There were tears when Barbara Bardak’s three young children first started watching the video she’d made for them about her life and what she wanted for theirs. It wasn’t long, though, before they were nudging and kidding each other in affection for the mother they’d lost to breast cancer five months earlier at age 43.

“It was such a beautiful moment,” said Nora Bardak, Barbara’s mother-in-law and caregiver for the children—10, 11 and 14—in Rocky Point, N.Y. “What a gift this was, and it couldn’t have been easy for her—she had to think, ‘maybe I’m dying,’” even though she looked healthy on the tape made six weeks before she died in July.

The idea that some families might be deprived of enriching stories, advice and sentiments because a parent has a life-threatening illness inspired breast cancer survivor Carri Rubinstein to start Thru My Eyes, a New York nonprofit that has produced more than 60 legacy videos in about three years.

There’s nothing quite like hearing and watching a loved one talk about his or her life, especially after death, Rubinstein said. And to the person making the video, it’s a way to be a part of children’s milestones — prom, graduation, job interviews, falling in love.

“They know what they want to say to their children,” she said. “And they’re giving their children the gift of a lifetime. They can know what their parent looked like, what she sounded like, and get answers to some things that they might not be able to get after she passed.”

Jennifer Trypaluk, 46, who lives on Long Island, made a video last fall that she’s kept secret from her 15-year-old son. He’s seen her endure surgery and treatment for breast cancer that metastasized to her liver, but she had things she wanted to say to him and to her husband and wanted to do it while the disease was at bay, for how long she doesn’t know.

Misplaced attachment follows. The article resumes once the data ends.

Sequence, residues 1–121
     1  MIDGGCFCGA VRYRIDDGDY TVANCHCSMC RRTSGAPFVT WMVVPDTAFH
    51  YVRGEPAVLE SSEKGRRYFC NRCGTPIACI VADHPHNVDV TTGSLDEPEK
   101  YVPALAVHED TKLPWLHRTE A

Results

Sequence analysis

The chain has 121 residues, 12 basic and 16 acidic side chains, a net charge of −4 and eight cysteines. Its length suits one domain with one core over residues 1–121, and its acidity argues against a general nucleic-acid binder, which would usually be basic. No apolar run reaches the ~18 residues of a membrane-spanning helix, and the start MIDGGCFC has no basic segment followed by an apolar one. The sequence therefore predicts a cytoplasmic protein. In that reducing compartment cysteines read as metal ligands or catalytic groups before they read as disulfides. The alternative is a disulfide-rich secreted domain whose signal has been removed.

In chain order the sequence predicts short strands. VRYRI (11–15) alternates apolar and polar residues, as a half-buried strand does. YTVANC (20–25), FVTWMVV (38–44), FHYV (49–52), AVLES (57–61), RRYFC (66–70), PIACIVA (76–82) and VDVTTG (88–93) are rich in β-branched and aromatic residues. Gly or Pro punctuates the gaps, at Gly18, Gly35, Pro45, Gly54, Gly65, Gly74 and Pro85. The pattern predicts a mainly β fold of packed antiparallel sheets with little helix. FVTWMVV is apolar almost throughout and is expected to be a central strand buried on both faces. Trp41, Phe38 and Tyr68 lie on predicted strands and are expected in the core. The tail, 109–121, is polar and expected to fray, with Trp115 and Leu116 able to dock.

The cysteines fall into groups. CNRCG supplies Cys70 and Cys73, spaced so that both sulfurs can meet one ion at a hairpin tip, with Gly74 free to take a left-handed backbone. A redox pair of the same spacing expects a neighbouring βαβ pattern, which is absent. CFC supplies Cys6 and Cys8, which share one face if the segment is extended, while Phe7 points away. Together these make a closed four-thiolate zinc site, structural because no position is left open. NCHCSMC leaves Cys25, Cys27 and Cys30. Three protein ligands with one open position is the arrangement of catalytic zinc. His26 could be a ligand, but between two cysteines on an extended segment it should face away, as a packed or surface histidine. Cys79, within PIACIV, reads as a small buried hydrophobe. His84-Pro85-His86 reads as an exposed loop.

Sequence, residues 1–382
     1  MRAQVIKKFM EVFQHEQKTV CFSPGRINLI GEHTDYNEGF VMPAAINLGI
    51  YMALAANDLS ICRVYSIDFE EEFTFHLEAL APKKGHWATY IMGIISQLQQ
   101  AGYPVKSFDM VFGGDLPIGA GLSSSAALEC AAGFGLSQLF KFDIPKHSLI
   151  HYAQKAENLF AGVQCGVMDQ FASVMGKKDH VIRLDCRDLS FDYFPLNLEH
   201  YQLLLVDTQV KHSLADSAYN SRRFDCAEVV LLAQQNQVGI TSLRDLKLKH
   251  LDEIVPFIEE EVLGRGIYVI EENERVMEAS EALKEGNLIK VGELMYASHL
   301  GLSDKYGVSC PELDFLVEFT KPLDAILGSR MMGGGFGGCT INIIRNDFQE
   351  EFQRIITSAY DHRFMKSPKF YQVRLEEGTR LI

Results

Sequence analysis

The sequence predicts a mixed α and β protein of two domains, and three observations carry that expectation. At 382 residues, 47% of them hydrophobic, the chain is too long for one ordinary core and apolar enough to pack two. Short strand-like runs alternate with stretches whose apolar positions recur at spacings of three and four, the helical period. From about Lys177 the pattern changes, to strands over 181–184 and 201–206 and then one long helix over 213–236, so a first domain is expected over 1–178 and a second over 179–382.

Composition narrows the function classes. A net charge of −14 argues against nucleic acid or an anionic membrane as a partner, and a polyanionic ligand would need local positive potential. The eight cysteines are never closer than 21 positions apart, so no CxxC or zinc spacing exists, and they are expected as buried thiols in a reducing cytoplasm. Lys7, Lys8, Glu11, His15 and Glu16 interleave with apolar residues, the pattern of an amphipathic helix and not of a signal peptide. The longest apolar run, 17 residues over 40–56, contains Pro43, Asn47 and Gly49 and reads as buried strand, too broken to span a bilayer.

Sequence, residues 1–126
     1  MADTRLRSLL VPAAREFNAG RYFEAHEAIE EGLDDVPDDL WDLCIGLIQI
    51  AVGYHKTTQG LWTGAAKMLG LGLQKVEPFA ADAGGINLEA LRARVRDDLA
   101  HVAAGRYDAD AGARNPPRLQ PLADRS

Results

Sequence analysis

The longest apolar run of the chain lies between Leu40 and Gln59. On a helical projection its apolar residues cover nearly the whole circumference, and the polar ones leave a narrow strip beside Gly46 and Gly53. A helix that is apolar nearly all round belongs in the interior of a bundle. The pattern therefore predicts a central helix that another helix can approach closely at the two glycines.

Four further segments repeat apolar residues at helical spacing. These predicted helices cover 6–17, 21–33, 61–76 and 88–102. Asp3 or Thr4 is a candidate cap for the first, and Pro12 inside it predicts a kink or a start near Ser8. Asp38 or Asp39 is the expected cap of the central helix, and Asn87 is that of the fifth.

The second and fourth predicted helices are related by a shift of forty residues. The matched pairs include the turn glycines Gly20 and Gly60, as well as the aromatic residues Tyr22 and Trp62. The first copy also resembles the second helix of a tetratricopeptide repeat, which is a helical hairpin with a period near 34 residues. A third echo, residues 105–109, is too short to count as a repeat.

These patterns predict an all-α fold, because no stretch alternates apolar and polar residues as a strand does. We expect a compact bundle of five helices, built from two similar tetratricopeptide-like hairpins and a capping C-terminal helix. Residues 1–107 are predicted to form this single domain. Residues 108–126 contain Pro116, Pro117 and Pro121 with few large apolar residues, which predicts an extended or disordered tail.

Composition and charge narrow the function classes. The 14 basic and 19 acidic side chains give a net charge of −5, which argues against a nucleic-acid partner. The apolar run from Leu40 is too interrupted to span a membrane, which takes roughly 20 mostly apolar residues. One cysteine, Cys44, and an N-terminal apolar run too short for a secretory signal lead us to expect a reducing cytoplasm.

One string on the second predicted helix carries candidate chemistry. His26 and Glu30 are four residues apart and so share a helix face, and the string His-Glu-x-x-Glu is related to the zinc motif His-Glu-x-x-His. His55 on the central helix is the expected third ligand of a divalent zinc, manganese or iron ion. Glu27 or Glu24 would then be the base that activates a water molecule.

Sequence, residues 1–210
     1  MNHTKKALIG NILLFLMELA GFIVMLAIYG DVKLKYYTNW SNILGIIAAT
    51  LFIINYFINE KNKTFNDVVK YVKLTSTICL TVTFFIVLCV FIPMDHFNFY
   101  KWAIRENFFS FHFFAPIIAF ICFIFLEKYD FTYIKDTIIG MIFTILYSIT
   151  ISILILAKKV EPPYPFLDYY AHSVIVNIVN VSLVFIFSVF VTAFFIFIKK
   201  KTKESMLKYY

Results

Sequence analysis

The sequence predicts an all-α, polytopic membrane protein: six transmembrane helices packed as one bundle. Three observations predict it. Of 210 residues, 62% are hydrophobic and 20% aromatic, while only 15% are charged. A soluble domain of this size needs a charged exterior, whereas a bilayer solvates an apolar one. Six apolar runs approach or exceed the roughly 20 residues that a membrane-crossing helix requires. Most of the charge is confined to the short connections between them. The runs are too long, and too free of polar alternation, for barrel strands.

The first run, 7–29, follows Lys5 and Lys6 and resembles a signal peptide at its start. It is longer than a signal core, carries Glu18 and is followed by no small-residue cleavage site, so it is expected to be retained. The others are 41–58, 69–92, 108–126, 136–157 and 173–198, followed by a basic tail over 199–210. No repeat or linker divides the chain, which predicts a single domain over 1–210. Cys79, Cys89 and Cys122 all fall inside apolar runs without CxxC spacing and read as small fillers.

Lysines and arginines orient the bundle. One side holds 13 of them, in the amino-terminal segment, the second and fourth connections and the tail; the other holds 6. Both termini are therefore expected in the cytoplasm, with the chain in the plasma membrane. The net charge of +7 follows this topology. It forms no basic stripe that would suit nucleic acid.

“There’s a monumental difference between looking at photos and hearing a voice,” said Trypaluk, an office manager for an accounting firm. “I wanted my last words to be what I wouldn’t be there to say every day, the nagging mom stuff. You want your family to know you love them, that you’ve always loved them.”

While Rubinstein has found some people hesitant to make a video because it means confronting the reality of their illness, mental health professionals are part of the process.

“I know it’s therapeutic. We’re encouraging them to speak about things that are important. When they’re finished, they’ll look at us and say, ‘I’m so glad I did this.’ It gives them peace of mind,” she said.

Thru My Eyes makes the videos free to those who meet the criteria of having a life-threatening illness and children under age 21 or are the sole caregiver of young children. Interviews are done in person or via Skype. Another nonprofit, Memories Live, also offers free videos to those in the New York area without the age restriction on children. Both Kerry Glass, a former art therapist who shoots and edits the Memories Live videos, and Rubinstein solicit donations and grants and hold fundraisers to pay for the service and spare families additional expense and stress. They do not know of other organizations providing similar services.

Glass asks questions that guide a person through the stages of life, talking about everything from college to favorite travel destinations and hobbies.

“You want the children to be able to see parts of themselves in their mom or dad,” she said.

Those being videotaped sometimes have guilt over their illnesses, she said, “but it’s incredibly cathartic for them to be leaving something for their family.”

Videos from both organizations can go beyond the initial taping. Glass accepts up to 50 photos, which she puts together in a slide show and will set to a person’s favorite song. Rubinstein lends a camera that can be used for additional thoughts or to capture everyday moments, such as baths or bedtime. These are woven into the recording at appropriate intervals by the group’s professional videographer.

The videos are “very, very powerful, much more than a photo album,” said Maureen Empfield, a psychiatrist in private practice who has helped Thru My Eyes with some interviews. For the patient, “it sums up the central pieces of your life, these are the things that made me who I am.”

Then the children, she said, will someday realize, “They were dying. They were trying to save their lives, but they stopped and tried to get the strength to do this for me so I’d have this.”

Trypaluk has put her video in a box of treasures for her son with instructions to her husband and sister that they all watch it when the time is right.

“I feel I’ve left a little piece of me behind for him and, God willing, he’ll even look at it with his children,” she said.

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